Divine standards of perfect love and peace seem far off and unattainable in a world full of strife, refugees, war and deceit:
As high as heaven is above the earth, so my ways are higher than your ways (Is. 55:9)
The good news in the psalms, here and in other songs like 31, is that higher and hopeful levels are not out of reach:
Lead me to a rock that is higher than I; for you are my refuge, a strong tower (Ps 61:2,3)
(Incidentally, it is worth reading on into the passage from Isaiah 55 for a beautifully poetic and more encouraging assurance of sustainment and fruitfulness.)
In Psalm 61 David, the author, seems to pray for himself as king, though he adds more humbly: ‘before God’ and with ‘love and faithfulness for protection’.(6, 7) This is not just self-importance; David assumed that he and his people were charged with the responsibility of not only caring for the creation (Psalm 8) but also bringing a message of divine caring to a benighted world.
This is the last in a large group of ‘skips’ from 55 to 61 that do not appear in the weekly Lectionary. Thus Psalm 61 is ignored in TiS and NCH, while PFAS offers, apart from a couple of hymns, one setting with a response, originally in Tamil to a Punjabi tune, in 61B.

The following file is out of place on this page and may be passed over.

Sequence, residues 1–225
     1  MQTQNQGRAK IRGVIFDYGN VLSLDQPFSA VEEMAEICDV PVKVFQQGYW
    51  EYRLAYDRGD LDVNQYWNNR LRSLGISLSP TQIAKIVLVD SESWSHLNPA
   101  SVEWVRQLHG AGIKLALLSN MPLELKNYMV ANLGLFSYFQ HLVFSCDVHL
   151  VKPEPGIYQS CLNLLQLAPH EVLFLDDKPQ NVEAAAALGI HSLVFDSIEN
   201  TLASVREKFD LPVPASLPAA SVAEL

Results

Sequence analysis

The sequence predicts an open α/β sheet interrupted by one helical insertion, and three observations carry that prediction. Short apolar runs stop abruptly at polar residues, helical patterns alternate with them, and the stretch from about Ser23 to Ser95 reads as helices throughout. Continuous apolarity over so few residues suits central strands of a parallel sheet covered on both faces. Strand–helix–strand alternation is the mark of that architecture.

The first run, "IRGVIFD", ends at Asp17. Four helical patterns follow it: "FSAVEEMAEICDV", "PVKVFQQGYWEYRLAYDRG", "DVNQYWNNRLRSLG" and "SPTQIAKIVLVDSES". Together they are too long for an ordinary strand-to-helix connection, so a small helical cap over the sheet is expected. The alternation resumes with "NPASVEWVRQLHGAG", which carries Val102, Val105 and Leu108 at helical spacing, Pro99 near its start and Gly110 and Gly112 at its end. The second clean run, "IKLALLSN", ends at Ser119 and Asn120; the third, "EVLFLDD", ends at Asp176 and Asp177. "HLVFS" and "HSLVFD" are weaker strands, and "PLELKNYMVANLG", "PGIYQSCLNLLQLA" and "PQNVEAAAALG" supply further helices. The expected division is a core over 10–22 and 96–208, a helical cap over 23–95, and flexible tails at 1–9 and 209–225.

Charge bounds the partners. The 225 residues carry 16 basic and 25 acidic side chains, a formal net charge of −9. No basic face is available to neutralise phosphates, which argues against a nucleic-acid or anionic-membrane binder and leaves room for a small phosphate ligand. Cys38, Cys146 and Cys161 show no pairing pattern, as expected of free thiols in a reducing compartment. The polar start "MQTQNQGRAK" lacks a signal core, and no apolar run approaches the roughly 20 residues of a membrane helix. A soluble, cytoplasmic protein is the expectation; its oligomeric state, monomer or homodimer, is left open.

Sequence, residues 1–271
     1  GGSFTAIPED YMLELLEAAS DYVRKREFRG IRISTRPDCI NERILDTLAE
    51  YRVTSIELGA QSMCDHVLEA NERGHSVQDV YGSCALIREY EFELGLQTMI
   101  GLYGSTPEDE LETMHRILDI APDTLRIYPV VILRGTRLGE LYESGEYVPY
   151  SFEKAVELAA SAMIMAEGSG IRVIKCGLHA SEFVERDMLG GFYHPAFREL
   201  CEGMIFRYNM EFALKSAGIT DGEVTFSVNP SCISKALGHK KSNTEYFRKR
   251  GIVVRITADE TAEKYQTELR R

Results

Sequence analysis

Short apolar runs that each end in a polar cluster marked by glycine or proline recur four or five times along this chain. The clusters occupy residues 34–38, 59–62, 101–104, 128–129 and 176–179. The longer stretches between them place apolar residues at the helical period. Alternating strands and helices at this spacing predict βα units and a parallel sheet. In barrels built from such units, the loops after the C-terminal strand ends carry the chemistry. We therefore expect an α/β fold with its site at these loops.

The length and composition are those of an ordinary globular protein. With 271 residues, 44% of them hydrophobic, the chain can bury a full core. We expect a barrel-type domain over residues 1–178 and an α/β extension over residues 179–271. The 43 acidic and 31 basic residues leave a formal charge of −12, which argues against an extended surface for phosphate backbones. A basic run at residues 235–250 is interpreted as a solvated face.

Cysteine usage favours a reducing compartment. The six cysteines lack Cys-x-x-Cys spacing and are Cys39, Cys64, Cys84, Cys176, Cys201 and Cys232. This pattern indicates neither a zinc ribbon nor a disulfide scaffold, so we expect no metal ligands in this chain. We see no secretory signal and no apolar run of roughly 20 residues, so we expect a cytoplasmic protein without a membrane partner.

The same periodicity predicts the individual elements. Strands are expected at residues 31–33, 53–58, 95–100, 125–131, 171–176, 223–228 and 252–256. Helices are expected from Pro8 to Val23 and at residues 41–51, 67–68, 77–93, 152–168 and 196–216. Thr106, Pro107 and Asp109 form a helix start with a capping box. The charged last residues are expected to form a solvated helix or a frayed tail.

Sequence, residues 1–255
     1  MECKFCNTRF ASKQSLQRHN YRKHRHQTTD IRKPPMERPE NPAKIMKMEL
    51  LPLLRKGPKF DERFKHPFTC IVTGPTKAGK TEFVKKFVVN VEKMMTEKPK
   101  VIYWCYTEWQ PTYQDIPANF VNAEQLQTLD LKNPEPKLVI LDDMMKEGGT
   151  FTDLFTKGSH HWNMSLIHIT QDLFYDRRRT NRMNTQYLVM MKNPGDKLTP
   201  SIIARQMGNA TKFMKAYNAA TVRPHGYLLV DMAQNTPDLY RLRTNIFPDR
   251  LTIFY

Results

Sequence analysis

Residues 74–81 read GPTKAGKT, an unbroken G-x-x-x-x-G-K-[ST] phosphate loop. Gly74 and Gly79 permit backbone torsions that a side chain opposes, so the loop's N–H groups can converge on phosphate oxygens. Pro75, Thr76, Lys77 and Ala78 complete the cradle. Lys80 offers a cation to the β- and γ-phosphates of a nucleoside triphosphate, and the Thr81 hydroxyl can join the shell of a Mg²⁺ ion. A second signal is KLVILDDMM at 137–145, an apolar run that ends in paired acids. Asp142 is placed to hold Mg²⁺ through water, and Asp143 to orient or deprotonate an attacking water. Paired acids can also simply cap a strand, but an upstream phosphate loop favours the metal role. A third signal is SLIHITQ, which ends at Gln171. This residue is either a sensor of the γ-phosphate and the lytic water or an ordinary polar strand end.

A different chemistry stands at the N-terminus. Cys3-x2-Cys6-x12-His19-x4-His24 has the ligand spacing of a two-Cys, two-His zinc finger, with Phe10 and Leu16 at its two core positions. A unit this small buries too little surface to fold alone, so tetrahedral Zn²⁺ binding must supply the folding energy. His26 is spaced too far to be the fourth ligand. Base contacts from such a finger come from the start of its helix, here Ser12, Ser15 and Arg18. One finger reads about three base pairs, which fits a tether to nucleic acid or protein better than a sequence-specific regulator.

Whilst classical settings are also fairly few, in somewhat grander style Michael Praetorius (1571-1621) produced a setting of the first four verses, Exaudi Deus for two choirs of four voices, in a collection called Musae Sioniae: Deudsche Psalmen und Geistliche Lieder (1607; see illustration).
And in the ‘little-heard’ category is a Portuguese SATB by Brazilian composer Dr Jorge Moreira (1948-) that is worth a try by your local quartet.
Note in the Spanish manuscript illustrated at the outset, an 11th century script from the Monastery of Silos in northern Spain, that the antiphon here appears to precede the psalm text. The text is drawn but diverges from the first part of verse 2:
A finibus terrae ad te clamavi, dum … / From the ends of the earth will I call upon thee: when my heart is in heaviness.
Compare this with another later manuscript known as the Howard Psalter which is discussed in the posts on Pss. 122 and 129. First, note that the musical notation has progressed significantly, from a line of neumes to a four-line staff with square notation. Secondly, in Howard the chant and antiphon may have been sung at the end of each psalm rather than the beginning, although this is not clear, and often uses excerpts from psalms before and after the antiphon.